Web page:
Tuesday, July 31, 2018

From Houdini to David Coperfield, 100 years of Jewish Magicians

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Yehuda Lave, Spiritual Advisor and Counselor

Many people look at therapists as omniscient and enlightened, as wholly "healed" and, therefore, devoid of insecurity, despair and all the other feelings which are part of our emotional inheritance.

In truth, there is no way for me to understand people if I, myself, hadn't suffered from trama in the past and am still coping with the scars of trauma in the present.

Sharing with others the tactics that helped pull me out of these negative states is what makes me seem trustworthy to people.

If I had lived a charmed life and never had to struggle for stability, how could I give others hope that they can retrain their own brains and learn to love despite their traumas?

Love Yehuda Lave

Beis Din or Not? Rabbi Meir Orlean

Mr. Nadel decided that he would daven vasikin every morning. For a number of months he upheld this practice scrupulously. However, as time wore on he found himself exhausted during the day and unable to concentrate properly while learning and at work.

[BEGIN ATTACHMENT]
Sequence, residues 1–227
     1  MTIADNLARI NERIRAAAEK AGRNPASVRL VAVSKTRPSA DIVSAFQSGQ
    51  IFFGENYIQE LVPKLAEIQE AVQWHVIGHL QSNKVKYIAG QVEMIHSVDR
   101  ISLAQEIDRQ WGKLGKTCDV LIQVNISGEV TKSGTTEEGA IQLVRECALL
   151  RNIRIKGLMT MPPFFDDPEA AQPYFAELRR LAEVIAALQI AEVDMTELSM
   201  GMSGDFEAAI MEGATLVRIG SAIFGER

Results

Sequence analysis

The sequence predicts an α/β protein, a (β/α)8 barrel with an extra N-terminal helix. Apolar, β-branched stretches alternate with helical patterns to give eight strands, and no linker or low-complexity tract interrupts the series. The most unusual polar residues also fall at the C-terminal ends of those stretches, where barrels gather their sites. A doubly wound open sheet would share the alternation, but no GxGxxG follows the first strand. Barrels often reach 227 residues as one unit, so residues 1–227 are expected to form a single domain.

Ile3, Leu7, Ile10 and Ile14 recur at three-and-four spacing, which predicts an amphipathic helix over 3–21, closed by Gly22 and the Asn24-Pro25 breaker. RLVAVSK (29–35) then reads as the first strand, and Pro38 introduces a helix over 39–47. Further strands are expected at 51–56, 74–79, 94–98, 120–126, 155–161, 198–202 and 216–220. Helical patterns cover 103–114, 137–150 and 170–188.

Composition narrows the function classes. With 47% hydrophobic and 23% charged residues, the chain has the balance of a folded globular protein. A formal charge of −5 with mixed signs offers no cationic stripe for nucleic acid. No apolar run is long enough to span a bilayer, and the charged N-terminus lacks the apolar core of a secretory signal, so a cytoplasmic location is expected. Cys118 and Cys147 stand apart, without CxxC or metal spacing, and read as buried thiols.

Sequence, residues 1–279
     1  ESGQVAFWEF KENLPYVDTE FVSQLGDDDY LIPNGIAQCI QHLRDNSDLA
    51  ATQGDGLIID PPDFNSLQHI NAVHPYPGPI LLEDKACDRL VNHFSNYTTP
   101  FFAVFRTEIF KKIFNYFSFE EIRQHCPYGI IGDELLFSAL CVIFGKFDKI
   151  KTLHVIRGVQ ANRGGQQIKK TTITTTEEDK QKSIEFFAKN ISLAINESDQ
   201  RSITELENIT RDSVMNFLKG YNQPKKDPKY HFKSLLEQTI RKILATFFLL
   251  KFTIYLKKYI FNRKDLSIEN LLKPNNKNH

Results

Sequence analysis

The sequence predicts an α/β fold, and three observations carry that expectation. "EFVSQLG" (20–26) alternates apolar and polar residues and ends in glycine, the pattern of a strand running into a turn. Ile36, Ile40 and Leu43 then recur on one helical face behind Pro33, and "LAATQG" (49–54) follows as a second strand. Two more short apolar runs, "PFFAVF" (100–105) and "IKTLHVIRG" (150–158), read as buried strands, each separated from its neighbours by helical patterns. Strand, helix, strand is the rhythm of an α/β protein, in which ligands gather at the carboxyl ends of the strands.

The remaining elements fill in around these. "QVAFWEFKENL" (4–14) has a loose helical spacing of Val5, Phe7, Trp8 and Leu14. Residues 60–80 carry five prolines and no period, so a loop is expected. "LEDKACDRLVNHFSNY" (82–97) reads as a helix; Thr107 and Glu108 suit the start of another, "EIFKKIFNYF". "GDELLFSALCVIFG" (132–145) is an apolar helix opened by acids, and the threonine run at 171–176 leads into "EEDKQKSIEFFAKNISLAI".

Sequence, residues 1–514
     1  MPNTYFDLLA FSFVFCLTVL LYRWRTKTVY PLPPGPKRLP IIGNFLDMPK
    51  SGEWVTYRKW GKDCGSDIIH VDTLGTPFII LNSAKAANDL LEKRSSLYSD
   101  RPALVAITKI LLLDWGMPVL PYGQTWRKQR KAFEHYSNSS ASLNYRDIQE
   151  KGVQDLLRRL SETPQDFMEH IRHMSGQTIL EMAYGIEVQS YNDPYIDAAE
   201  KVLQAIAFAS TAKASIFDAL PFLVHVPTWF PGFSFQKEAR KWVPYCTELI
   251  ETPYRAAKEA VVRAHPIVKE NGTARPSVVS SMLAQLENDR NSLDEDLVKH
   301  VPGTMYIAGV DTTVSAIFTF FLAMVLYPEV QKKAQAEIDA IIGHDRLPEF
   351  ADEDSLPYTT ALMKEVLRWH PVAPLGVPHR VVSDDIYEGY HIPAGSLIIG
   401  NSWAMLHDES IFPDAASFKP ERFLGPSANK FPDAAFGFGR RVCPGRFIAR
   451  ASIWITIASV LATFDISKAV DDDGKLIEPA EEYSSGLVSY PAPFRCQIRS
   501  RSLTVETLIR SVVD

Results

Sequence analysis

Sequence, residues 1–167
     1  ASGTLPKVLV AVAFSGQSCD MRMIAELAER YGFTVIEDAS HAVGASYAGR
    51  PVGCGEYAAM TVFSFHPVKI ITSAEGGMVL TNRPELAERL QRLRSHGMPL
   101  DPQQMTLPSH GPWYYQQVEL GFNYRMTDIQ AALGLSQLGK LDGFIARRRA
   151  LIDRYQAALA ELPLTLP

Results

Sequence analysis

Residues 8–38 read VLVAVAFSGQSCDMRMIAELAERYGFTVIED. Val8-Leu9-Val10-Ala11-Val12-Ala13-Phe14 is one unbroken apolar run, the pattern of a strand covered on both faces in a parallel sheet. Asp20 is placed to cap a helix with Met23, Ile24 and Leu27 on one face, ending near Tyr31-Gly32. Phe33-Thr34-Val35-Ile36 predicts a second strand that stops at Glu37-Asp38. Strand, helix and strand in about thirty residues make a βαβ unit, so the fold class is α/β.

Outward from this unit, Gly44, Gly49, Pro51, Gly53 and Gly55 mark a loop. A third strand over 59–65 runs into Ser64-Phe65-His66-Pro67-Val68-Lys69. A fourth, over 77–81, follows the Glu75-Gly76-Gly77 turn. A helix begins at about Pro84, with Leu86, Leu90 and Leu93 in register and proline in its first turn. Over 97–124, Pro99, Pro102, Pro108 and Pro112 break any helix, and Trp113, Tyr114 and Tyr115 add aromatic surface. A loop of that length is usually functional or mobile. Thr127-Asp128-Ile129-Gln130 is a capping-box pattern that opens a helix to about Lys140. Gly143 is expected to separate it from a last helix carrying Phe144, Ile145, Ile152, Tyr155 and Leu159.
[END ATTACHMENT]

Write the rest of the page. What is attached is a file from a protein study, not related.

Mr. Nadel approached Rabbi Dayan for advice. "I'm in a quandary," he said. "I accepted the practice of davening vasikin, but it is negatively impacting my learning and work."

"Davening vasikin is very commendable," said Rabbi Dayan. "A vow is also a significant issue. The Torah states in Parashas Mattos: 'He should not violate his word' (Bamidbar 30:3). Here, however, the gain results in greater spiritual loss."

"What can I do, then?" asked Mr. Nadel.

"Chazal teach (Brachos 32a) that although a person may not violate his word, others can annul his vow," replied Rabbi Dayan. "This is called hataras nedarim. It is commonly done on Erev Rosh Hashanah but can be done throughout the year if the need arises, such as in this case" (Rema, Y.D. 228:15).

"Can you do it for me?" asked Mr. Nadel.

"A qualified expert (mumcheh) can annul a vow on his own," replied Rabbi Dayan. "However, we are not in this category nowadays, so that we need a panel of three, like a beis din."

"Should I make an appointment with the secretary of the beis din?" asked Mr. Nadel.

"No, there is no need for that," replied Rabbi Dayan. "I can get two others to join me right now. Let's see who is here."

In the room were Rabbi Dayan's oldest son and Mr. Nadel's brother. "My son and your brother can join me and will serve as the 'beis din' for the hataras nedarim," said Rabbi Dayan.

"Excuse me for asking," said Mr. Nadel, "but I don't understand. How can my brother serve on the beis din for hataras nedarim? A relative cannot serve as a dayan!"

"Hataras nedarim requires a panel of three, like a beis din, but it is not exactly a beis din," answered Rabbi Dayan. "There are several practical ramifications.